The key skills they will need for future employment will be the ability to embrace change, appreciation of experimentation, problem solving and the ability to quickly analyze information. Young people must be trained to expect continuous learning and manage disruptions.

Wait, what?

Students need to be prepared for short-term jobs and not expect full-time employment. How empowering is that?  Sounds like the goal of this radical re-imagining of education is to produce workers willing to eek out a precarious existence in the gig economy.

The Global Education Futures: Agenda GEF.Agenda_eng ( pages 12 ) gets even more to the point: education has to be re-structured to support a jobless economy and provide an avenue to ease social tension caused by this mass financial hardship.

The transformation of economy structure inevitably changes the structure of employment. In coming years, automation of manual and intellectual routine labor will lead to substantial job reduction — which may increase social tension unless displaced workers can acquire new skills and enter job markets in new sectors. Education may serve as a social buffer that helps this shift — and educational institutions should proactively prepare for the coming transformation.

If workers are the losers, there must be someone benefiting from the new economy. Again from the GEF Report ( page 25).

Besides that, a new and extremely important trend in education is the emerging opportunity of direct talent investment (e.g. a recent crowdinvesting platform Upstart allows to invest up to US$ 200,000 into a talented young person who then shares a small share of their income over 5 or 10 years). This model has for a long time been employed in athlete and actor job markets, but it can soon become a mass solution as big data models of competence profiles would allow to estimate the most beneficial educational & career tracks. The beginning of 2020s may see the emergence of first ‘man-llionaires’ — owners of investment portfolios, made solely of talented people investments, that worth more than one billion dollars. Later, the same model of direct talent investment could be applied by pension funds — in fact, it can be described as a modified version of Bismarckian pension system where highly performing youth would work in the interest of retired investors.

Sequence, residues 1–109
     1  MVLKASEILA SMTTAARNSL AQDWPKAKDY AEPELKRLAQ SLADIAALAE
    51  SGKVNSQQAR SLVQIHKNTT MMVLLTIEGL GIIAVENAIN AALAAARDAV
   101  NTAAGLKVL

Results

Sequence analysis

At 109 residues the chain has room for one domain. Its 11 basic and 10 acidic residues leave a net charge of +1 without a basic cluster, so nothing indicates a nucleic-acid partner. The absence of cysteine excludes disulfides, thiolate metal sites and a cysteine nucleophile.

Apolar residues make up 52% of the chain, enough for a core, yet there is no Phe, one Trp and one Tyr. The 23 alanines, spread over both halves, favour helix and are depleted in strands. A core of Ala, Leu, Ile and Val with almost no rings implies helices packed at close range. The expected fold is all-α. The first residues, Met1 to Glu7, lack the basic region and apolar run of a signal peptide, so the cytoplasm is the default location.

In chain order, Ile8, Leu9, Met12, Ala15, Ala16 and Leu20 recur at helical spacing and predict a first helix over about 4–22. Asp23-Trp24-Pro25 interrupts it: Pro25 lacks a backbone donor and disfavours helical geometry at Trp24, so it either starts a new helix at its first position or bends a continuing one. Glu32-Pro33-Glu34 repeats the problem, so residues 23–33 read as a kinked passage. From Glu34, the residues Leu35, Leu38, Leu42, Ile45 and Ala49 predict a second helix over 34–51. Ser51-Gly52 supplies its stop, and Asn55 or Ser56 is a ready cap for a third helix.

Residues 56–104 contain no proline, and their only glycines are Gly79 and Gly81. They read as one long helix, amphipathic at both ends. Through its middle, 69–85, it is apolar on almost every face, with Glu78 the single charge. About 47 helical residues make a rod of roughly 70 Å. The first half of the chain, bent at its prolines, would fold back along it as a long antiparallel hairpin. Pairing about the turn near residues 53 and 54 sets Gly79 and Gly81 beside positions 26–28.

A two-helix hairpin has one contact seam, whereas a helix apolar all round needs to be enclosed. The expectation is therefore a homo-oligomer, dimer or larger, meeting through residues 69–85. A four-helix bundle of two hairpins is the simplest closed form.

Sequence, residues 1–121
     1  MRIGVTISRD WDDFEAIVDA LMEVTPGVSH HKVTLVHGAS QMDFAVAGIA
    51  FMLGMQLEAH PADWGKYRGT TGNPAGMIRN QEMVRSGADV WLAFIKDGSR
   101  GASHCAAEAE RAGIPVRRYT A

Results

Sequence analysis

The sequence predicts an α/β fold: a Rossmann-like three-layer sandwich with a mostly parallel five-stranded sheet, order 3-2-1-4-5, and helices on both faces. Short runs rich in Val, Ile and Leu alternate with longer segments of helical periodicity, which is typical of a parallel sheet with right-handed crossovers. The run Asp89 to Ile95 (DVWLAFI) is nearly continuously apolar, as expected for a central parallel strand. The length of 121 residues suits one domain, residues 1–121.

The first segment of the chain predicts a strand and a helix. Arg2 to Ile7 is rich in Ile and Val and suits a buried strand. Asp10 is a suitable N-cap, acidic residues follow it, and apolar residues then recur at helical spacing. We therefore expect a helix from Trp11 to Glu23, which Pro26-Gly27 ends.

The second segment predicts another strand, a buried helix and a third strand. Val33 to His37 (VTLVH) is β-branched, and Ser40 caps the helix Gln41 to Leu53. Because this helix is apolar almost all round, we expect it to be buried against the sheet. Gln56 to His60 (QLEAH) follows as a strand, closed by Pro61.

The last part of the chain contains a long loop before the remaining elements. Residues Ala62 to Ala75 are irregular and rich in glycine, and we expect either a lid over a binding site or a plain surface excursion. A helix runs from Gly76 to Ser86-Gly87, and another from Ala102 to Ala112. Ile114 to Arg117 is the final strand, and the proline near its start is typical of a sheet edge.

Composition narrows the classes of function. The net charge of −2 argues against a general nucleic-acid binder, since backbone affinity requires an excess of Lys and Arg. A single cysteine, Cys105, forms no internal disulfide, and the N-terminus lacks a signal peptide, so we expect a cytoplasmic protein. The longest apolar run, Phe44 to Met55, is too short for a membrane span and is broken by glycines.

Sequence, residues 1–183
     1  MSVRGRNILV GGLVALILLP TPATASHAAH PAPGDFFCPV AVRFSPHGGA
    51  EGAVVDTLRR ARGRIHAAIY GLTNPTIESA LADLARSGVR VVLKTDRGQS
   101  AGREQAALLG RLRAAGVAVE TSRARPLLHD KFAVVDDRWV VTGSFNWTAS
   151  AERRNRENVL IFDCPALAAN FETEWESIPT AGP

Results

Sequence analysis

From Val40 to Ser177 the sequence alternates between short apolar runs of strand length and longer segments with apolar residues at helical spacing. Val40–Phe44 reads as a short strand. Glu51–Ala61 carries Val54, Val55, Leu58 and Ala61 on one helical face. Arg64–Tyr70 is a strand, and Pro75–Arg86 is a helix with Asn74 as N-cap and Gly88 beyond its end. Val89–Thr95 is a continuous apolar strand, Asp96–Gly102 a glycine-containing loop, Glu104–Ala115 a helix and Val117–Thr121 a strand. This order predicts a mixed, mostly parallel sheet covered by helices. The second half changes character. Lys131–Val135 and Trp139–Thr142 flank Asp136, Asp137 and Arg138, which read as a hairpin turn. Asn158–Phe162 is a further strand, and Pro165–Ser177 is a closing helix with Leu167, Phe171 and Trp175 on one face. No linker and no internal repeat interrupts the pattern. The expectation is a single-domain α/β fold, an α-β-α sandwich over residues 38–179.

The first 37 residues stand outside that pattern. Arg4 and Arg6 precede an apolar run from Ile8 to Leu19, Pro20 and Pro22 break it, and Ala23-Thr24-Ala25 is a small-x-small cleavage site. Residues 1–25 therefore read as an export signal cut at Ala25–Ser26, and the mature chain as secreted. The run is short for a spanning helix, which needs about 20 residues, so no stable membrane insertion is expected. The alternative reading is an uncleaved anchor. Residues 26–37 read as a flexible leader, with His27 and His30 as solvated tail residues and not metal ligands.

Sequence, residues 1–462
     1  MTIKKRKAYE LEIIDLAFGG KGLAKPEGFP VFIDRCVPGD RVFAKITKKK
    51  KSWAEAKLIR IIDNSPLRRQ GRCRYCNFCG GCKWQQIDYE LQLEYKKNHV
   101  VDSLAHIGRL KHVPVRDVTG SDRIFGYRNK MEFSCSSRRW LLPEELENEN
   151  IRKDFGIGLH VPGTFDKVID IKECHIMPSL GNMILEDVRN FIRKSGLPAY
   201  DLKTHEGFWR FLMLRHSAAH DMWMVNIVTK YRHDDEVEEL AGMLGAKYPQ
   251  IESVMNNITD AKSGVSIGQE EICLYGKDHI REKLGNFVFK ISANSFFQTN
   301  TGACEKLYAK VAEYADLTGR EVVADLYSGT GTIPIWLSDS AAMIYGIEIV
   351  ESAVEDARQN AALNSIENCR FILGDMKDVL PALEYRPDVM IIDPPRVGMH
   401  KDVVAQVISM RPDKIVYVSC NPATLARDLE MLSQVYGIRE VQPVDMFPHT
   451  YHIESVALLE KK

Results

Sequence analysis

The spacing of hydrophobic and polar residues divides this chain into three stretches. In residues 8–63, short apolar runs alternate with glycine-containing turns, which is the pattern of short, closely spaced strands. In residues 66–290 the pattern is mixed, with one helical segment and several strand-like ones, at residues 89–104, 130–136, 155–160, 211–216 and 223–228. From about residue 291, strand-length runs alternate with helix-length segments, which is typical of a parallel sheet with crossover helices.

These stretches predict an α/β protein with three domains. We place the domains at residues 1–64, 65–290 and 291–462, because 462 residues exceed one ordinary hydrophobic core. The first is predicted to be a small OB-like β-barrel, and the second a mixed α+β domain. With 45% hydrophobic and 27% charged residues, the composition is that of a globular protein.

The rising demand for personalized education from employers and investors will spur the development of personal education management systems (and respective market infrastructure). In particular, we expect the standardization of descriptors defining the contribution of specific courses and other educational products (e.g. games & simulators) to the competence profile (much like ‘nutritional facts’ on food products packaging). We also expect that within next 2-3 years a fully functional search engine for educational online services will appear, most likely as a search option within major search engines such as Google, Baidu, or Yandex. In addition to that, it is highly probable that specialized educational content aggregators will offer ‘branded’ educational tracks: a path to create a target competence profile, e.g. an average profile of a skilled industry professional or a profile of a ‘hero’ such as an industry leader (e.g. Bill Gates or Jack Welch). These ‘branded’ tracks will gradually develop into 24/7 (artificial intelligence) virtual instructors that could make flexible adjustments to the educational trajectory to adapt it to the current results, objectives, and body-and-mind state of the student.

Lots to discuss here.